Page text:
Durable left ventricular assist device (LVAD) therapy is indicated in selected patients with advanced heart failure refractory to guideline-directed medical treatment to improve survival and quality of life. Improvement of the technology with the latest generation of pump (continuous-flow, fully magnetic) and the modifications in the cardiac allocation system in the United States contributed to significantly change the landscape of indications and outcomes in patients with durable LVAD (1). Most patients are now implanted as destination therapy or bridge to candidacy (2). Survival following LVAD implantation has reached 90% (3) and 58.4% at 1 and 5 years (4). Although a significant reduction in adverse events such as pump thrombosis or stroke is observed, time-related adverse events such as aortic insufficiency (AI) remain an area of concern in the context of increased support duration (5). The presence of significant AI in patients with durable LVAD can compromise the functional and survival benefit of the therapy. Understanding the pathophysiology and the hemodynamic consequence of AI is critical to improve patient’s management and to optimize outcomes following LVAD implantation. The purpose of this comprehensive review is to describe the pathophysiology, hemodynamic and clinical consequences of AI in patients with durable LVAD.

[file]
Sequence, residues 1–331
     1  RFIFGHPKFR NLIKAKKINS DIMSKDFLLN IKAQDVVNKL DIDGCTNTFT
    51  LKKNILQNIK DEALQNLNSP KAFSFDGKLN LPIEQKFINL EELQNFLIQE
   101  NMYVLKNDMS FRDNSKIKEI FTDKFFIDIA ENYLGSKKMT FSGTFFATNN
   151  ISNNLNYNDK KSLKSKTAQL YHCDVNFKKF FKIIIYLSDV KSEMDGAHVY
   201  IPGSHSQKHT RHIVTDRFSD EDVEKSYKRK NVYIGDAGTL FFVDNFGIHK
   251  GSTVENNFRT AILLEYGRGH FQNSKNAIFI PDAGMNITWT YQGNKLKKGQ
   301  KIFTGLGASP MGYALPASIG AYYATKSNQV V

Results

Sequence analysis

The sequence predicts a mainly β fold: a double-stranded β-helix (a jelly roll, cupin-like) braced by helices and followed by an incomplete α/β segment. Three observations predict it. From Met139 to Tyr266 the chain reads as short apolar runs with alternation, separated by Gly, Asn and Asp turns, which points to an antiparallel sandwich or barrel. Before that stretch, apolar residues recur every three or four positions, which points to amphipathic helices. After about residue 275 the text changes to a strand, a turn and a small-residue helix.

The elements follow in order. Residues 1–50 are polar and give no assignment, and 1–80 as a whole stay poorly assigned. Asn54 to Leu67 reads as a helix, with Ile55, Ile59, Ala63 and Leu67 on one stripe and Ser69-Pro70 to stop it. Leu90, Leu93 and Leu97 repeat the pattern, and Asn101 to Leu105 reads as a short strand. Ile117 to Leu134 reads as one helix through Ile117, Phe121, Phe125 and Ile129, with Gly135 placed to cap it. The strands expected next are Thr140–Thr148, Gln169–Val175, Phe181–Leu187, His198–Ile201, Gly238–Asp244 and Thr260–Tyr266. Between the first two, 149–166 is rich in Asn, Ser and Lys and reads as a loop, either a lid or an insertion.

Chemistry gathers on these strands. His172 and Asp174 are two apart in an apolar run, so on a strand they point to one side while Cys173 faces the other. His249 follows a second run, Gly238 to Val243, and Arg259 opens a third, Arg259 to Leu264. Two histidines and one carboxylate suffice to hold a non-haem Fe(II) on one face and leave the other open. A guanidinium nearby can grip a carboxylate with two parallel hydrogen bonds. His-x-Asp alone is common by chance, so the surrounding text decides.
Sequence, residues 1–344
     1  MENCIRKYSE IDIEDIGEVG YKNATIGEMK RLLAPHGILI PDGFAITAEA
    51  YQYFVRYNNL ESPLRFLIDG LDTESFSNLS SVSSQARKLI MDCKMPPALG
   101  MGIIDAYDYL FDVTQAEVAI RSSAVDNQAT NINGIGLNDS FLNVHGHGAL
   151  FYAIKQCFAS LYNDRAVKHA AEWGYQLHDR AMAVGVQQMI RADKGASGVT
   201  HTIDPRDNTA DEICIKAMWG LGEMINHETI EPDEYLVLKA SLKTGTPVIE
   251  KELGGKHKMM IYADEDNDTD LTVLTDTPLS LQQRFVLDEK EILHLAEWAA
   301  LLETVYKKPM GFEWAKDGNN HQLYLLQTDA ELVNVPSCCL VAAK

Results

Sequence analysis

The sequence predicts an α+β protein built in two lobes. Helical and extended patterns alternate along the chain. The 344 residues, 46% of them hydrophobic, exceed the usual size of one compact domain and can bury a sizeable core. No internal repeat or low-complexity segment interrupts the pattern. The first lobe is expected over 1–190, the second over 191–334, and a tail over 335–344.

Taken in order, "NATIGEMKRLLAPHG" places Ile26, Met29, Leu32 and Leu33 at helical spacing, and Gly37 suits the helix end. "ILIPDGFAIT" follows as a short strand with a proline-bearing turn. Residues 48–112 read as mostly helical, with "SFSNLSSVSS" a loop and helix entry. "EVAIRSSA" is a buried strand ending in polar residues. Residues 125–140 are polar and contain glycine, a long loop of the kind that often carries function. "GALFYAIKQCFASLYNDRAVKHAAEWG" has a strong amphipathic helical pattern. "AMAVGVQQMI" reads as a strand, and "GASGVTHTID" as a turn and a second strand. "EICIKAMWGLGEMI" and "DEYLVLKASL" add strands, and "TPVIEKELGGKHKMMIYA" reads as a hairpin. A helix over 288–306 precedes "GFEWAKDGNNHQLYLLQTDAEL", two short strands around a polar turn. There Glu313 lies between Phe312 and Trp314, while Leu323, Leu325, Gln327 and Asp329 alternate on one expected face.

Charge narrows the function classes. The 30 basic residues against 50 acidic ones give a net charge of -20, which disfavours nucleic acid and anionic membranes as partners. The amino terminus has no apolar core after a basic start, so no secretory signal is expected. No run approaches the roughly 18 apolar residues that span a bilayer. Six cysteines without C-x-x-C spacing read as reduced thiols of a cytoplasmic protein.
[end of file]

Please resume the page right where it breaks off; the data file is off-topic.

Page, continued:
Epidemiology of aortic insufficiency in patients with durable left ventricular assist devices

What is the prevalence of aortic valve disease before durable left ventricular assist device implantation?

Approximately 5% of patients who were evaluated for a LVAD or heart transplantation suffered from moderate or severe AI (Table 1) (68). In a sub-analysis of the Multicenter Study of MagLev Technology in Patients Undergoing Mechanical Circulatory Support Therapy with HeartMate-3 (MOMENTUM-3) trial portfolio, 27% of the 1,790 patients who received a HeartMate-3 exhibited some degree of AI, with 2.3% having moderate or severe AI; amongst this group, 95% underwent an aortic valve procedure at the time of LVAD implantation (8).